Arthur Fonzarelli, also known as Fonzie, or The Fonz, was the ultimate cool guy during the ’70s and early ’80s on the ABC sitcom “Happy Days.” However, Fonzie might not have maintained his cool-guy status if he didn’t have his motorcycle.
If you’re a big fan of classic TV shows and movies of the time, you probably recognized the motorcycle since it appeared on “Happy Days” as Fonzie’s trusty bike.
One of TV’s most recognized motorcycles also had a cameo in a Hollywood’s classic films, The Great Escape.
It gets even better: Hollywood legend Steve McQueen used the bike in The Great Escape. While it wasn’t the exact same bike, it was the same exact iconic model.
“One of my favorite facts about Fonzie is that the bike I finally wound up with, the Triumph — the Harley-Davidson was just too big for me — was the bike that Steve McQueen used to jump the fence in The Great Escape,” says “Fonzie” actor Henry Winkler, according to AmoMama.
McQueen’s character, PoW Virgil Hilts, jumps the bike over a barbed-wire fence at the German border during one unforgettable scene.
Eventually, the two icons would meet, but they never discussed the bike.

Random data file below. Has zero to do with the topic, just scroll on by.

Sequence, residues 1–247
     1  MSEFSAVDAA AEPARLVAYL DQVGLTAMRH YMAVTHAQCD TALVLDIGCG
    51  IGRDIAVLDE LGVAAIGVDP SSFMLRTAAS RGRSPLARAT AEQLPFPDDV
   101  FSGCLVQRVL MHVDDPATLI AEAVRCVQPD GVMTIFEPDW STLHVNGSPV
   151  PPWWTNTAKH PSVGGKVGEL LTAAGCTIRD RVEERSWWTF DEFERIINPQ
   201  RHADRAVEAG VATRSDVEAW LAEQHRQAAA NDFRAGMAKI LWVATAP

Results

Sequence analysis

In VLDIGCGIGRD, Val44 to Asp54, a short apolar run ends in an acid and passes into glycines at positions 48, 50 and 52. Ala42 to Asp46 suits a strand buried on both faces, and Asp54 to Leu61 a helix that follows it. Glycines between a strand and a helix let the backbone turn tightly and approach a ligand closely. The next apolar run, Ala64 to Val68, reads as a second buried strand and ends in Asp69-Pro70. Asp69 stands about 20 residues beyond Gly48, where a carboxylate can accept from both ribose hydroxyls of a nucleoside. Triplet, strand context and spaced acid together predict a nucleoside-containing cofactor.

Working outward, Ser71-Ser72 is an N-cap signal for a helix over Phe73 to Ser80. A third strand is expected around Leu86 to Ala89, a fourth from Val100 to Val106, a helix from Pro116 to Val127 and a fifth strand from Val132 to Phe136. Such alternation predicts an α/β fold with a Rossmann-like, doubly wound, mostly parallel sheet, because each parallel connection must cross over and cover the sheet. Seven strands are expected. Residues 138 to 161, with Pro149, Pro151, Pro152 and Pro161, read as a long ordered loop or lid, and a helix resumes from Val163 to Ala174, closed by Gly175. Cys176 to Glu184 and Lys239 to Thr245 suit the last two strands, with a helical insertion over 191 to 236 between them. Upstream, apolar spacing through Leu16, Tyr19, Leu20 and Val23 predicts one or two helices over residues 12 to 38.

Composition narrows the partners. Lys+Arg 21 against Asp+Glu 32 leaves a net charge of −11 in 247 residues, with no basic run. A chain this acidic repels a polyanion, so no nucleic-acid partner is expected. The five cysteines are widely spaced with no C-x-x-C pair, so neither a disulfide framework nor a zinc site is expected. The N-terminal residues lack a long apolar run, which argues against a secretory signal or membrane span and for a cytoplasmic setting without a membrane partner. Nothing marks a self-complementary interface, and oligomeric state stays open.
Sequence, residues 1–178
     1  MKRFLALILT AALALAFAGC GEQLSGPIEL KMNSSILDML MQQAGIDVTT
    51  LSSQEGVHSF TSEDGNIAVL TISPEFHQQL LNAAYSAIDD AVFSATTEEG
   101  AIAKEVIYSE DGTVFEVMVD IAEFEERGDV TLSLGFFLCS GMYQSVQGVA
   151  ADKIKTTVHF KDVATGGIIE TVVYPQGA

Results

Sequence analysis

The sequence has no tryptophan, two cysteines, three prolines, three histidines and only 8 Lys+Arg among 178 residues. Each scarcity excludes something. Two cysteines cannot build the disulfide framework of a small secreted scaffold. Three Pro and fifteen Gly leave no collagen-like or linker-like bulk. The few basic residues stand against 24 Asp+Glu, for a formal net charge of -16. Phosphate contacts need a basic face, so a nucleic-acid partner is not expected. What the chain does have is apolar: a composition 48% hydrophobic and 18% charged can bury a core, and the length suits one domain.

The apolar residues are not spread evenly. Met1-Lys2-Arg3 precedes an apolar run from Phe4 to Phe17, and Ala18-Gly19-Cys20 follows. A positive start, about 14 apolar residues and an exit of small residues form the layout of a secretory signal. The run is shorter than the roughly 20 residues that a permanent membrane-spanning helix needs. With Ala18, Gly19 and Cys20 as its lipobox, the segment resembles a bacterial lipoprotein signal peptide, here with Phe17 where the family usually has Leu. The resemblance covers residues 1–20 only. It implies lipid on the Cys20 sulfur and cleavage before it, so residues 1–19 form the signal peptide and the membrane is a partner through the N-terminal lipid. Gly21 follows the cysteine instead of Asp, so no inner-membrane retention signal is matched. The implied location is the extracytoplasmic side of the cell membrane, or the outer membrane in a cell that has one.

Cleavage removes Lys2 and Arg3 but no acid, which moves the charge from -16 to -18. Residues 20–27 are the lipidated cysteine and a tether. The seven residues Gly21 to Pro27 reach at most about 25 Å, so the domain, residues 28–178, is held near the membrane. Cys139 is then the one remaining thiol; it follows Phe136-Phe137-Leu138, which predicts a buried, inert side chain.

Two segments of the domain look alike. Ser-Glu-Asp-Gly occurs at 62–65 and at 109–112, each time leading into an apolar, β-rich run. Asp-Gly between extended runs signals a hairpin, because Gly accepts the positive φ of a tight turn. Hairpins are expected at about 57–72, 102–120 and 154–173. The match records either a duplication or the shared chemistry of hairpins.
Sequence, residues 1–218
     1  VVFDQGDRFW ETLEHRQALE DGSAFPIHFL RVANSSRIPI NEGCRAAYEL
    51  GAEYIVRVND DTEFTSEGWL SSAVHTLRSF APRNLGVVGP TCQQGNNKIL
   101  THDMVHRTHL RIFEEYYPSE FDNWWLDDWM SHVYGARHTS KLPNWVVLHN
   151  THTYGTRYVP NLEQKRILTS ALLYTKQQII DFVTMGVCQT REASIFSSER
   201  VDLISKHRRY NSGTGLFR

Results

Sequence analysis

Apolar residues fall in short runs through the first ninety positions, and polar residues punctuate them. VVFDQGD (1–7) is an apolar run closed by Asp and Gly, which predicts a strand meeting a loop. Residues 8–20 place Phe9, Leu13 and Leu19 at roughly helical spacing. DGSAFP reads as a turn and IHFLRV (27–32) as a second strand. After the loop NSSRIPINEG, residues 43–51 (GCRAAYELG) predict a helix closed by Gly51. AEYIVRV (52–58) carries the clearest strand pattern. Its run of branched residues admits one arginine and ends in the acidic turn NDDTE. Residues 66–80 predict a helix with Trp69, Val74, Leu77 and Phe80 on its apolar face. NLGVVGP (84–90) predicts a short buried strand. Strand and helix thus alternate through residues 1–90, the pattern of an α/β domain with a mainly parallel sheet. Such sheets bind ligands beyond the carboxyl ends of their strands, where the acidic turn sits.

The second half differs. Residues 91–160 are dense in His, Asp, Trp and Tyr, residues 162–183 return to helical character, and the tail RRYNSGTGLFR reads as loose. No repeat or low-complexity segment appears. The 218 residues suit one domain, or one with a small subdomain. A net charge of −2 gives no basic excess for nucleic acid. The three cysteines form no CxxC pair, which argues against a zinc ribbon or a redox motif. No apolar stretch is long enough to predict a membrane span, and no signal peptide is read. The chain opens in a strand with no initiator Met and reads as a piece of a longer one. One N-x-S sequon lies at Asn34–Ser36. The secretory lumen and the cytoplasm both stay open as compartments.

“I was walking down the street in Beverly Hills, and Steve McQueen was walking in the other direction. I did not have the wherewithal to stop him and say, ‘You are my action hero.’ All we did was nod. He nodded, I nodded and he kept walking.To this day it still bothers me that I didn’t shake his hand.”
‘The Great Escape’ & ‘Happy Days’ Iconic Bike Goes To Auction
One of the three motorcycles used by Winkler sold at auction in 2018 for $179,200.
Stuntman Bud Ekins provided the 1949 Triumph Trophy to the popular TV series. Ekins changed the handlebars, removed the fender, and painted the tank silver.
Before then, the bike failed to sell in an eBay auction at the asking price of $100,000.
It had previously been sold at a Bonhams auction in 2011 for $87,500.
However, before the Triumph, the early bikes from “Happy Days” were Harley Davidson bikes. Yet, Winkler found the Harleys too heavy to use and blamed his inability to ride them on his dyslexia.
“Happy Days” production switched to the much lighter Triumph to make it easier for Winkler.